Rep. Bunting’s Springfield news update for April 26

In this issue:

  • Highway safety legislation passes House
  • Bills to help human trafficking victims advance
  • Legislation passes to prevent surprise changes to state retiree insurance
  • Illinois headlines

Highway safety legislation passes House

Last week the House passed more than 300 bills before Friday’s deadline to move legislation over to the Senate. I was glad to be able to vote in support of several good bills, including bills which will make our roadways safer.

House Bill 4848 requires that trucks carrying dirt, garbage or other similar material must have a working tailgate and some kind of cover to prevent the material from spilling out onto the roadway or onto other vehicles. I was one of the co-sponsors of this bill, and it passed the House by a vote of 103-0.

Another good piece of legislation which passed was House Bill 4255 to allow tow trucks or other emergency vehicles to use flashing green lights when stopped on a roadside. These green lights are easier to see during daytime hours. Unfortunately, this bill came about due to a fatal traffic crash on an Illinois interstate. I hope that enacting this legislation will lead to better visibility of emergency vehicles and to similar tragedies being avoided.

Similarly, along the lines of protecting emergency workers responding to roadsides, we passed House Bill 4711, which is aimed at better educating drivers about Illinois’ law requiring motorists to move over and slow down when approaching vehicles with their emergency lights activated. Illinois’ drivers license exam has a question about the law on it already. If this bill becomes law it would require the Secretary of State to provide further information about the law to test-takers who miss the question on the exam.

All these bills are now over in the Illinois Senate where they must be approved before going to the Governor for his signature.

Bills to help human trafficking victims advance

The House passed a pair of bills to help victims of human trafficking.

House Bill 5465 will help those who were victimized by human traffickers when they were children by easing the process for victims to have juvenile records expunged if they were forced to take part in the criminal activities while they were being abused. Expunging or sealing these records helps the person put their life back together and recover from their abuse.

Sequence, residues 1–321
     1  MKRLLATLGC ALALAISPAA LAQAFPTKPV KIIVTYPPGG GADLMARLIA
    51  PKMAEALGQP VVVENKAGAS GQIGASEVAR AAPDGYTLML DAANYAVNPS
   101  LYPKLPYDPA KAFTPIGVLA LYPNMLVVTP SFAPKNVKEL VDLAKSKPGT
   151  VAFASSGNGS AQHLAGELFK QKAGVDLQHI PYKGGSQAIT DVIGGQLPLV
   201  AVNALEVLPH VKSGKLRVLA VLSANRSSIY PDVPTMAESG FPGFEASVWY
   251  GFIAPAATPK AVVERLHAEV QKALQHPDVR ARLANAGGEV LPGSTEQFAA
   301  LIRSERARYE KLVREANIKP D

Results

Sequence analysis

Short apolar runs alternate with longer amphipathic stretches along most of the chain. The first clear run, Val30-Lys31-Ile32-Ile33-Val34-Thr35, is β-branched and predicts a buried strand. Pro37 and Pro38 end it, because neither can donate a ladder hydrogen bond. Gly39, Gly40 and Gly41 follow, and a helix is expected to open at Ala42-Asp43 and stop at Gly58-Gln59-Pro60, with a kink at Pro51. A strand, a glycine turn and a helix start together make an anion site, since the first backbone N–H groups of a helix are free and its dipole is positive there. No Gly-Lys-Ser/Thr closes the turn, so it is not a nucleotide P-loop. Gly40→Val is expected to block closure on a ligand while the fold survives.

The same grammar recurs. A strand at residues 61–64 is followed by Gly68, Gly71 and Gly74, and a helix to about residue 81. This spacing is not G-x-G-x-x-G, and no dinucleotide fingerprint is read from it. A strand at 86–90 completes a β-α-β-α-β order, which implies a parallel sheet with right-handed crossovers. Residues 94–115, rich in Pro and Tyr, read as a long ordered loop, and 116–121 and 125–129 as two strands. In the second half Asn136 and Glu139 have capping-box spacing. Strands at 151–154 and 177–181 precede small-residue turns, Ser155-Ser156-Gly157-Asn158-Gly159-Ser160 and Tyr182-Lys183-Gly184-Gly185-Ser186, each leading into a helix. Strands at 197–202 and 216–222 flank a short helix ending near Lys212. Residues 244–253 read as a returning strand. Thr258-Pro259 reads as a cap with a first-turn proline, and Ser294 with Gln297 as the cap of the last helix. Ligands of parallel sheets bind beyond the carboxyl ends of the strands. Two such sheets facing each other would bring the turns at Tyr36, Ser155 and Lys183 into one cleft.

The same day as that bill, we passed another bill to remove the statute of limitations on human trafficking crimes against persons under the age of 18. Previously, child victims of trafficking only had a certain amount of time to bring charges against their abusers. If this bill becomes law there will be no such deadline, and victims will be able to seek justice when they are ready to do so.

Both these bills are awaiting action in the Senate.

Legislation passes to prevent surprise changes to state retiree insurance

Two years ago, some retired state workers in our area were surprised to learn that changes in their health insurance plan would force them to switch health care providers. The most serious impact was among those who saw doctors affiliated with Carle Hospital in Urbana, which at the time did not accept the new company’s insurance. They have since reached an agreement.

Changes like this pose significant problems for residents of rural areas like ours, where health care choices are already limited. That’s why I was so pleased to vote for a bill sponsored by the new representative from Vermilion County, Rep. Brandun Schweizer, which protects members of the state’s Teachers Retirement System (TRS) pension plan from lapses in coverage when the state changes their benefits.

The bill, which passed unanimously, would require the Department of Central Management Services to post on its website any changes to the coverage of benefit recipient cost share for TRS benefit recipients at least 60 days prior to the effective date of those changes. It will prevent the kind of surprise which affected so many in east-central Illinois in 2022 and give people a chance to find other health care options, if necessary, before any benefits changes take place. It also gives health care providers time to negotiate contracts with any new insurance carriers, similar to what Carle was able to do with Aetna Insurance.

This bill is now pending in the Senate.

Our current bill backlog

When a vendor provides the state with goods and services, they submit the bill to the Illinois Comptroller for payment. The Comptroller processes the paperwork and pays the bill when funds are available in the state’s checking account. Currently the total amount of unpaid bills is $904,661,546. This figure changes daily. Last year at this time the state had $834 million in bills awaiting payment. This only includes bills submitted to the Comptroller for payment, not unfunded debts like the state’s pension liability, which is well over $100 billion.

Illinois headlines

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Illinois medical license system still plagued with delays despite new mandate

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Illinois study: Backyards, urban parks support bird diversity in unique ways